Australian Institute of Criminology

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Foreword

Australian crime: Facts & figures 2009 is a quick reference guide summarising trends in crime and criminal justice in Australia. It includes information on different categories of crime, location, victim and offender details and the response of the criminal justice system.

For the first time, this edition of Australian crime: Facts & figures includes national data on offenders derived from the first Australian Bureau of Statistics (ABS) survey to include information on offender characteristics. This edition also contains data on financial instruments fraud provided by the Australian Payments Clearing Association.

Both administrative and survey-based collections serve as sources of data for Australian crime: Facts & figures. The data here are primarily national figures; where national data are not available other sources are used. Readers looking for additional information should consult the appropriate publications and websites included in the Reference section of this document.

The Australian Institute of Criminology (AIC) prepares publications, from fact sheets to detailed reports, on a wide range of more specific crime and justice issues. For further information visit the AIC website at www.aic.gov.au or contact the AIC directly.

Highlights

A number of findings in this year's Australian crime: Facts & figures are worthy of note:

  • Property crime, including theft of motor vehicles, remained the most commonly reported class of crime, with just over 800,000 incidents in 2008; although recorded crime data show that property crime offences continue to decline each year.
  • Victimisation survey data suggest that victims are much less likely to report experiencing a violent crime than they are a property crime. Assault was the most common violent crime, with 170,277 victims recorded in 2008; a small decrease from 2007.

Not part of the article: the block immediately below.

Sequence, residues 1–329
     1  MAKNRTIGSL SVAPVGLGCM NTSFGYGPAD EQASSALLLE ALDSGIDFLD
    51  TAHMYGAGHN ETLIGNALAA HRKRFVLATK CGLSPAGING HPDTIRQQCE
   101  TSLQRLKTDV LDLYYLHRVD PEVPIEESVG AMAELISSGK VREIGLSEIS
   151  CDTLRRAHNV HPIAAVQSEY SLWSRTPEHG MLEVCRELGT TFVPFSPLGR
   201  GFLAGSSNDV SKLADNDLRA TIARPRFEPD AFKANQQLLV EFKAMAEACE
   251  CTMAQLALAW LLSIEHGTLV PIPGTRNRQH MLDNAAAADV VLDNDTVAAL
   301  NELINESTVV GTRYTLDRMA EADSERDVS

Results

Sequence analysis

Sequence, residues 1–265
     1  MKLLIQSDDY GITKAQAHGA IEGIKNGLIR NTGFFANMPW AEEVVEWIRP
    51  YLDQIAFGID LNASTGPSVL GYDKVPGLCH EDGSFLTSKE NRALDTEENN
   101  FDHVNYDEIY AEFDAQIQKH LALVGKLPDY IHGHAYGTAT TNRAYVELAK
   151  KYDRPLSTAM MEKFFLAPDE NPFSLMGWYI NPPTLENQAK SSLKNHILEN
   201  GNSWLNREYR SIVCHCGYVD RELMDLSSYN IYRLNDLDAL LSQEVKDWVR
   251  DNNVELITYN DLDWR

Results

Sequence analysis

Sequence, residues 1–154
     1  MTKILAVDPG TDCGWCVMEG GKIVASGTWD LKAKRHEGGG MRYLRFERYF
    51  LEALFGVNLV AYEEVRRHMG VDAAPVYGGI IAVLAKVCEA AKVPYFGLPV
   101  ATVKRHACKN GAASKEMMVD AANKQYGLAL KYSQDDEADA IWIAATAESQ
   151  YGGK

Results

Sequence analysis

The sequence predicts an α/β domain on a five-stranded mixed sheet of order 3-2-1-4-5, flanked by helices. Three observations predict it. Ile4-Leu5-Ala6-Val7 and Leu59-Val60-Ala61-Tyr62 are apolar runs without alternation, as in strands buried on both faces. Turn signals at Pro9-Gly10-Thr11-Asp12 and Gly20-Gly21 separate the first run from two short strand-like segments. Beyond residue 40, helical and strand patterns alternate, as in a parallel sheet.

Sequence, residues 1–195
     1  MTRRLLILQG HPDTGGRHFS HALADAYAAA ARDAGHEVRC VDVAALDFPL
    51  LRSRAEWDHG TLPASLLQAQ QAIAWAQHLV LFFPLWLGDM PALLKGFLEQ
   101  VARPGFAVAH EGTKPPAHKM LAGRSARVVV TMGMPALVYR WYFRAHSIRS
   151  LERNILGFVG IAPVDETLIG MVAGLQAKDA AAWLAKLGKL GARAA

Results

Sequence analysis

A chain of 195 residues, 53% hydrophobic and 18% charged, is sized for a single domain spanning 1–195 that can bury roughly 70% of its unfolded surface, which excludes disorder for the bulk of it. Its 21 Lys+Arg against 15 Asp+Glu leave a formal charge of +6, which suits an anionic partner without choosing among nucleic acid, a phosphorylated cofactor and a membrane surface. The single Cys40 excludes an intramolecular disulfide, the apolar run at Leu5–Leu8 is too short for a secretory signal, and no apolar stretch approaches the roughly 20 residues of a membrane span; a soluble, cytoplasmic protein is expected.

• The majority of offenders were male and the offending rate for persons aged 15 to 19 years was almost four times the rate of all other offenders in 2007–08.
  • Although the availability of national statistics on major crimes continues to improve, nationally-consistent data on offenders and emerging crimes, including cybercrime, remain unavailable. Furthermore, recording issues affecting particular crimes, such as assault and sexual assault, limit the ability to confidently identify real trends in these crimes over time.
  • Fines were the most common penalty issued by the courts. However, it should be noted that there was a 1.4 percent rise in prison numbers, with 27,615 persons in prison on 30 June 2008. The rate per 100,000 of adult males and females serving community correction orders decreased by 18 percent for adult males and 19 percent for adult females.
  • Australia's recurrent expenditure on the criminal justice system in 2007–08 was approximately $10 billion. A large part of government expenditure on criminal justice is for law enforcement; in 2007–08 there were 48,024 sworn state and territory police officers employed across the nation.

Adam Tomison
Director
Australian Institute of Criminology